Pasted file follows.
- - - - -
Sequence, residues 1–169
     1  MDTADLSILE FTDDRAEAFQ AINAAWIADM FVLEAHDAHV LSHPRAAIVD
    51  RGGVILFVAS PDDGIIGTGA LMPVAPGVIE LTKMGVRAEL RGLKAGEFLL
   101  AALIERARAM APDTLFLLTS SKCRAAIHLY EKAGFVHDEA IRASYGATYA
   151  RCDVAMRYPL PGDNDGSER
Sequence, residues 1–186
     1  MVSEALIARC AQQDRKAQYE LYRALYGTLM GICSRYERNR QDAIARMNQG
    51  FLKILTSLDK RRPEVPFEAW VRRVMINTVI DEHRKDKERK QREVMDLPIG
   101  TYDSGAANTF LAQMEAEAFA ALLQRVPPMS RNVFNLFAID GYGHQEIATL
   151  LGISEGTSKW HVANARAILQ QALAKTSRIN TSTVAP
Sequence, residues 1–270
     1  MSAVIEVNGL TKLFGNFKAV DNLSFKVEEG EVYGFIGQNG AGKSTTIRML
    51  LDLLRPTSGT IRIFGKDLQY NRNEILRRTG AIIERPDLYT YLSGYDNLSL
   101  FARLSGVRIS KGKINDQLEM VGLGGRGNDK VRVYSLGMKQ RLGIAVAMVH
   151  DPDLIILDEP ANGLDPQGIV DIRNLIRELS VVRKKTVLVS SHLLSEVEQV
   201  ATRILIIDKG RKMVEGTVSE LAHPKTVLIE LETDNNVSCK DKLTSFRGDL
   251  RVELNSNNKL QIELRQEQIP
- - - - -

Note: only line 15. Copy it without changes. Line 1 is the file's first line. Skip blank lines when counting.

   151  DPDLIILDEP ANGLDPQGIV DIRNLIRELS VVRKKTVLVS SHLLSEVEQV